One of my anticipated highlights of the trip to South Georgia was the opportunity to trace part of Shackleton's hike across the mountains to the whaling station at Stromness. One of our expedition leaders, Trevor Potts, had recreated Sir Ernest Shackleton's epic journey from Elephant Island off the coast of Antarctica to Stromness and was to lead the hike. Unfortunately, as mentioned earlier, I was using borrowed boots for the "wet" landings and the boots didn't fit well enough for hiking. That difficulty could have been overcome, but I was also suffering from a cold and major sore throat. The two problems together convinced me that it would be neither wise nor respectful of the other hikers to make the attempt.

As we watched the intrepid few depart in their Zodiacs before breakfast, that decision seemed even better!

Picture

Narrative

Shackleton's Walk

The hikers came onto this plain following Shackleton's route from Fortuna Bay over the low hills to the right of the picture. This flat plain was the home of a number of reindeer, which had been introduced to South Georgia by the Norwegians during the whaling days. The reindeer prospered, but after we visited there was a successful effort to eradicate them. They were damaging the native vegetation and disrupting nesting birds.

Stromness At the time that Shackleton came to Stromness (1916), this was a busy whaling station. Since it was abandoned in 1961, it has been given over to seals, penguins, reindeer and the occasional tourist.

The snow and fog are a reminder that even though we are visiting in the tail-end of summer, we are definitely in a sub-Antarctic location.

One sad sight was a male seal with a wounded flipper that prevented him from moving or swimming. He  appeared to be slowly dying of starvation on the shingle. I asked our guides if anything could be done, but they are prevented by the Antarctic Treaty from interfering with the wildlife – even for humane purposes.

King Edward Point After leaving Stromness we cruised to King Edward Point where we docked overnight. This is one of only two locations on South Georgia that are staffed year-round. The other is a research station on Bird Island. The Post Office was a popular place to visit while we were here as travelers purchased post cards to send back home.

Our postman collects stamps so we always post a card to ourselves so that we can pass it on to him.

Grytviken We could walk from the dock at King Edward Point to the South Georgia Museum at Grytviken. It was a rather long walk, but it was good to stretch our legs on land after several days at sea where the only real exercise was walking around the pitching deck (10 trips around the promenade deck equaled a mile) in the wind and sea spray. Many passengers, including myself, put in those daily laps, but solid ground can't be beat!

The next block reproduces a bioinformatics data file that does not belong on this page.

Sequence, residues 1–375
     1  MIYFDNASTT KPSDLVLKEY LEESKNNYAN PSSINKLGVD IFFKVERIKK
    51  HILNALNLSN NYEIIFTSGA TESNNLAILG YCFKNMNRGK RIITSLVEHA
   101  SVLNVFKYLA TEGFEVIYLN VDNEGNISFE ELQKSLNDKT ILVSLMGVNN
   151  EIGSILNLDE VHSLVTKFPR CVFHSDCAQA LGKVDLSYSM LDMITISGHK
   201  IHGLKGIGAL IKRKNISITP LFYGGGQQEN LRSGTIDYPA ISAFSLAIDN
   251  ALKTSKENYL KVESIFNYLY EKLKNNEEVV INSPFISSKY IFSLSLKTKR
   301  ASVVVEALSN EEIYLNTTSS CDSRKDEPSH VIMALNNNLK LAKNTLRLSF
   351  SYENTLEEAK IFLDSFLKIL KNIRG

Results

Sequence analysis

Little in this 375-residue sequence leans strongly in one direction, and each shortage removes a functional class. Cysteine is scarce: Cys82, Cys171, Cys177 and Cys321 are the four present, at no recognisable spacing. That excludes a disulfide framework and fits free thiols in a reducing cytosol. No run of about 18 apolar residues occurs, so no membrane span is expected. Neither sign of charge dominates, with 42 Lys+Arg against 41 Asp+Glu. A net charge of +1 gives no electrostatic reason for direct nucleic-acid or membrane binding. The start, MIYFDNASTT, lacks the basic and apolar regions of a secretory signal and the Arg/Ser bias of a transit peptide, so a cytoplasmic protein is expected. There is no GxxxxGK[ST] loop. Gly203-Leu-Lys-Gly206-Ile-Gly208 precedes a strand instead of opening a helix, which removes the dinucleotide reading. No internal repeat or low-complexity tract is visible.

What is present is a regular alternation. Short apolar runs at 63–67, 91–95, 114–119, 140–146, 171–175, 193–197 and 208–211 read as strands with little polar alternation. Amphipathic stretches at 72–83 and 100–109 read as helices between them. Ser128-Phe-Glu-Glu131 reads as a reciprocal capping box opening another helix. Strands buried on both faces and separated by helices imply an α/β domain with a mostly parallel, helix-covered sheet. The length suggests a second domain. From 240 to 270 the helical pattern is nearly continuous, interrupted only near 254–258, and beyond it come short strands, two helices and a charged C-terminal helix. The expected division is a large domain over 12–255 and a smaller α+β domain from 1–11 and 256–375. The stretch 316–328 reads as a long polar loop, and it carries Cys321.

Molting Chinstrap Along the road we saw the only Chinstrap Penguin of the trip. He (or she) was sitting alone looking miserable surrounded by shed feathers.
Elephant seal Also along the road was this sleeping female Southern Elephant Seal accompanied by a rather irritated female fur seal. The Elephant Seal is a true seal without the ear tufts and the ability to "walk" on its flippers enjoyed by the fur seal.
South Georgia Pintail Another creature met on the way to the museum is the South Georgia Pintail. It is a subspecies of a common southern hemisphere duck: the Yellow-billed Pintail. The population on South Georgia is recovering from being over-hunted during the whaling days and apparently does not suffer much from rat predation.
The Petrel This old whale-catcher, Petrel, is one of the many exhibits at the museum. It was built in 1928 and was converted from whaling to sealing in 1956. Whaling was discontinued in this location in the 1960s when decreased numbers of whales made it uneconomic to hunt them.
Grytviken Church Interior
The church in Grytviken has been used in recent years primarily for weddings. This could be the ultimate destination wedding! It was one of the better preserved buildings in the area.
Grytviken Church Exterior
James Caird When Sir Ernest left the bulk of his men on Elephant Island, he and his five comrades sailed away in a tiny open boat. Its size is indicated by the life size figure in this full-scale replica. The six men traveled for 15 days and covered roughly 800 miles before landing on the south shore of South Georgia. Rather than make the risky attempt to sail around the island, three of the men crossed the mountainous island on foot to Stromness, as noted above.

Trevor Potts  and others recreated the feat in a replica of the James Caird in 1994 (sailing from Elephant Island to South Georgia) and 2001 (crossing South Georgia on foot).

Shackelton's Grave

Sir Ernest was planning another Antarctic expedition in the early 1920s when he died of a heart attack. His wife directed that he be buried here in Grytviken.

Many of our ship's passengers came over early in the morning on Zodiacs along with Trevor Potts to offer the customary toast in Shackleton's memory. Not being an early riser, I didn't make it until the afternoon and, alas, had no suitable libation. The captain of our ship was also making a personal pilgrimage to the grave at about the same time.

The cemetery was surrounded by cranky fur seals. I was rather nervous at walking through them alone because their bite is said to be quite dangerous, but we were given strict instructions not to run and to make use of hiking sticks to fend off any threats. I had to stare down a couple, but I made it in and out OK.

Patrol Boats

Part of the responsibility of the British administration is to patrol the local waters. There are a number of visitors that come to the island -- either in organized cruises like ours or in their own private yachts.

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